“Outside of asking questions, what else is there people can do from the comfort of their laptop?”
Via https://www.writetothem.com/ we’re encouraging people – especially school, college and university students, to email their county councillors with their experiences of using the roads, using buses, and on cycling in and around the city. In particular those students that come in from outside of the city to get to their place of work or study. The reason being rural public transport has taken one hell of a hit in recent years.
We’re also encouraging people to ask a question of their county councillors at the same time – one related to the experiences that they have had. It’s not for me or anyone else to tell them what that question should be – or to have a ‘copy and paste’ question that people can mass-spam the councillors with. The reason being is we want the councillors’ responses to be considered and personalised.
“And the petition?”
That depends on what people want. The county council has an under-used petitions scheme at https://cmis.cambridgeshire.gov.uk/ccc_live/ePetitions.aspx. The three of us talked about how specific the petition call should be. For example: “This petition calls for the council to build the light rail underground scheme as set out by http://www.cambridge-connect.uk/ ” …will probably get the response of “Nice idea, but we have no money”. At this stage though, activists don’t need to be specific – they just need to get councillors to acknowledge the problems and their impact. For students and young people this might involve a petition calling for the council to work with bus companies, students, schools and colleges to improve the provision and punctuality of bus services across the county.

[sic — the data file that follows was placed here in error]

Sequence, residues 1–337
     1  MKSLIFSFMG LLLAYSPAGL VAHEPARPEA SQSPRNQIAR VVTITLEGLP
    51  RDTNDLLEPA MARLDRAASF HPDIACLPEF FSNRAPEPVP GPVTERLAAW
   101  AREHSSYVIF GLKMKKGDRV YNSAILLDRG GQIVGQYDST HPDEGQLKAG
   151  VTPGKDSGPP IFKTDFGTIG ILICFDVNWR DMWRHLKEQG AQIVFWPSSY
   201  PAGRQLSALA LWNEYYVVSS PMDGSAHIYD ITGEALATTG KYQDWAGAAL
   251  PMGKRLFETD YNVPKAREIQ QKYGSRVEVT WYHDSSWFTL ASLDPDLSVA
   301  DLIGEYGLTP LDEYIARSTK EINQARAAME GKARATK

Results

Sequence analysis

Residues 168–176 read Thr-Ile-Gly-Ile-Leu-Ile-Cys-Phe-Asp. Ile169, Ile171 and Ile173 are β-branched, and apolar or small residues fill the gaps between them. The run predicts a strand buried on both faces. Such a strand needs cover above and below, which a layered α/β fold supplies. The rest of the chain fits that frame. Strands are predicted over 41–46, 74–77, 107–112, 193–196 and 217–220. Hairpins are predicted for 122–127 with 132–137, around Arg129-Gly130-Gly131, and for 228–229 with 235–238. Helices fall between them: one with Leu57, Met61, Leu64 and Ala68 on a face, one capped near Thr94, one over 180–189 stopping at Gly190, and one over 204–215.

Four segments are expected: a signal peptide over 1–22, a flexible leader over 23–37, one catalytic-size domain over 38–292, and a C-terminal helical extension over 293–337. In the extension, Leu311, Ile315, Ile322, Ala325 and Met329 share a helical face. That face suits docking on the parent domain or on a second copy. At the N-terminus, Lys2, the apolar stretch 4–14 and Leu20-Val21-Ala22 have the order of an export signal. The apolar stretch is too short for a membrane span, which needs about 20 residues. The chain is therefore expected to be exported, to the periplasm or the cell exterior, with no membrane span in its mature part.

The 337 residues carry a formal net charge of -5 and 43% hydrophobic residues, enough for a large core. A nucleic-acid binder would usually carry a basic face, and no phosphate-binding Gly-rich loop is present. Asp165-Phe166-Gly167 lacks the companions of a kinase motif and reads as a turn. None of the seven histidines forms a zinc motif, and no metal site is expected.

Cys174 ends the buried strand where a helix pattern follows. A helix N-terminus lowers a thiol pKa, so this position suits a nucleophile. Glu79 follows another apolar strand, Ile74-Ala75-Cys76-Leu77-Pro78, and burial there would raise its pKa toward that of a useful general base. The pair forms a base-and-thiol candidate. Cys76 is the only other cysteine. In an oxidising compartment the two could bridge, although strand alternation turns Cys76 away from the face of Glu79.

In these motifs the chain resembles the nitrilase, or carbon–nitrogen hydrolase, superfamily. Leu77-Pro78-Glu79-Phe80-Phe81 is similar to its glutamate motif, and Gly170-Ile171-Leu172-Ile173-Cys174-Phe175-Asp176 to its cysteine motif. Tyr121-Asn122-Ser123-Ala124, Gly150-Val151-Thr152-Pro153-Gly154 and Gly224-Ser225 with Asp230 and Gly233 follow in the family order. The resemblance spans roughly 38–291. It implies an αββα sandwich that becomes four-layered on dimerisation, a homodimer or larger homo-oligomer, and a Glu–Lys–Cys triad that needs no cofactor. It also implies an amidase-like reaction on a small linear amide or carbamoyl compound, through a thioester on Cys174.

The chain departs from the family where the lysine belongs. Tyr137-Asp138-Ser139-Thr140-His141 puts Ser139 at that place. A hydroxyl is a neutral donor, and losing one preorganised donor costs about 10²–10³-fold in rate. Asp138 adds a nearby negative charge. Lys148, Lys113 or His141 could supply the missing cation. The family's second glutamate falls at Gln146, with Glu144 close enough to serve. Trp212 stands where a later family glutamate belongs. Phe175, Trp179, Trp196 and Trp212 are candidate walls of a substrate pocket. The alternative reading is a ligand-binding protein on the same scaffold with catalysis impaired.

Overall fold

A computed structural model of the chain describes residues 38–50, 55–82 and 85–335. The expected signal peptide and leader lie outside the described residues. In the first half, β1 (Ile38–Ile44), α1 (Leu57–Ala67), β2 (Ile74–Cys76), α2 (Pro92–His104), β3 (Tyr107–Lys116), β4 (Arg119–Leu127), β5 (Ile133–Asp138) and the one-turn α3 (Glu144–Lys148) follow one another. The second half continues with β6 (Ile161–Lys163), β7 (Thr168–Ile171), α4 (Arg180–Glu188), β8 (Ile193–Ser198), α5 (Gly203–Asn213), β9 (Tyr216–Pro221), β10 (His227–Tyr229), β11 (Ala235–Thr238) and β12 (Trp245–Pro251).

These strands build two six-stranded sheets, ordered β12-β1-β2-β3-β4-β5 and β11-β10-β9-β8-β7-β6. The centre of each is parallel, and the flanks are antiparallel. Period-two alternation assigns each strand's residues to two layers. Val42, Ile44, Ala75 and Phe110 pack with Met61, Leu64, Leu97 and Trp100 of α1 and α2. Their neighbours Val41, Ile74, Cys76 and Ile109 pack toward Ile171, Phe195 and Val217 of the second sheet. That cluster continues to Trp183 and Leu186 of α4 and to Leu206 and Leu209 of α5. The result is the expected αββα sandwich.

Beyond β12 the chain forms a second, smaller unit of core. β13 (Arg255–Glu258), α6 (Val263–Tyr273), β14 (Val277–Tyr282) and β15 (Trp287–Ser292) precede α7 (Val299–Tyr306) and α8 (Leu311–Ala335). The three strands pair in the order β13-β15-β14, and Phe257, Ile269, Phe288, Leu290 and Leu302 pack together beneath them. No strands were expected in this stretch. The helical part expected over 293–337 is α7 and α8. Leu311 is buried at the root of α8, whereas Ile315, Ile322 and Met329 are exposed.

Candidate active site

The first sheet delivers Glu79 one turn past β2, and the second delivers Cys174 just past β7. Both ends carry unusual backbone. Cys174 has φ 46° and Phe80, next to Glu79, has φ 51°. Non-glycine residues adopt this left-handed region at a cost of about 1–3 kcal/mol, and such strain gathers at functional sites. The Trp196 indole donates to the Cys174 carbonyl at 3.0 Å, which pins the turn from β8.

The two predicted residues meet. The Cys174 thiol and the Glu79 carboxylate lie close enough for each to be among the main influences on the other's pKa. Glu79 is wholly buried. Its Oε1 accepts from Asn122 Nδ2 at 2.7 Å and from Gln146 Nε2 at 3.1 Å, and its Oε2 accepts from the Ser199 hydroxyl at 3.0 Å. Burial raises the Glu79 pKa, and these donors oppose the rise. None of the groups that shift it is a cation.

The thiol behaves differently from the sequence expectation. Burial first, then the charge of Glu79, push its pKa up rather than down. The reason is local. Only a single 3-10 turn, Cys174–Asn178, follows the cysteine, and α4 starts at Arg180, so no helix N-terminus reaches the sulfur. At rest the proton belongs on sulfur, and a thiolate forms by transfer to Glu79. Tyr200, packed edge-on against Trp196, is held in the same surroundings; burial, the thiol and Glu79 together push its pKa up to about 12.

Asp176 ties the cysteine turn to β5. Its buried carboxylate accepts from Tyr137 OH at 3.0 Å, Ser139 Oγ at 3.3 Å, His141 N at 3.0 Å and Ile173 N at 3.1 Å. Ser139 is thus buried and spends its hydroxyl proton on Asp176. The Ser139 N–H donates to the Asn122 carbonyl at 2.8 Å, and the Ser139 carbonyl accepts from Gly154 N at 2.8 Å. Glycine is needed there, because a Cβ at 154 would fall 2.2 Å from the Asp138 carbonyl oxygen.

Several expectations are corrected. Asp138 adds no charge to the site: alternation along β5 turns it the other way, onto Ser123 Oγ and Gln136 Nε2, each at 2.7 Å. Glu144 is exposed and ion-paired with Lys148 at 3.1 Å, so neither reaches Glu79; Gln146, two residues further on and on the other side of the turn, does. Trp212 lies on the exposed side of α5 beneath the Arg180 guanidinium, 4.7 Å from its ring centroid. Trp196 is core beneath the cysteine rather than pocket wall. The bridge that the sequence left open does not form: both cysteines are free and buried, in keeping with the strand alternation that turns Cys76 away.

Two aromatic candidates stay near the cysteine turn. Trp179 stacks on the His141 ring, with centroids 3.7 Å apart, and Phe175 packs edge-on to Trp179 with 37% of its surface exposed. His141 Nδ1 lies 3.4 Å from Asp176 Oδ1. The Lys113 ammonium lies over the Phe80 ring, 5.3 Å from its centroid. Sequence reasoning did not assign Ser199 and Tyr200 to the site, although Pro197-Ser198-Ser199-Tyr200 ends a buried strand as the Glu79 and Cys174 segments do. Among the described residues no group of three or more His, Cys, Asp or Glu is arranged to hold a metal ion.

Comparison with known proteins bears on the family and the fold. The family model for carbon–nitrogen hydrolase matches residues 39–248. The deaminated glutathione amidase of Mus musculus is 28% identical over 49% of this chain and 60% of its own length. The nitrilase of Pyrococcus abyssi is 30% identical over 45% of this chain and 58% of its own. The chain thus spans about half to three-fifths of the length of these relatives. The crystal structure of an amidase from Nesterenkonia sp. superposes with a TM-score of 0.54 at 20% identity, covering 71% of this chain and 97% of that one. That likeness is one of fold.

The most important thing is that it’s the young people that lead on this, not me. I’m just the guide helping them navigate the labyrinth that is local government systems and processes. The email exchanges that happen between councillors and those that contact them in the grand scheme of things is none of my business. Once the contact has been made, that’s my job done. It’s up to them to decide what to do with any response they get back from councillors. For some that might mean further email exchanges. For others it might involve joining a local campaign group such:
- Cyclists: Cambridge Cycling Campaign,
- Bus users: Cambridge Campaign for Better Transport,
- Rail users: Rail Future East.
Others may want to start school/college/workplace-based campaigns, inviting councillors and MPs to speak to everyone there.
The most important thing is that people take action at a time when politicians are most likely to be listening: election time.
“But we are too young to vote!”
One idea that came up was getting under 18s to persuade their parents and/or trusted adult friends to ‘lend’ them their vote. The idea is this:
Under 18s read through the manifestos of all the candidates/parties standing for election, and email questions to the candidates. The parent/voter then promises in return to vote whichever way their child recommends. That way, candidates automatically have to address the concerns of young people who otherwise cannot vote.
Any thoughts? Could this work with youth organisations?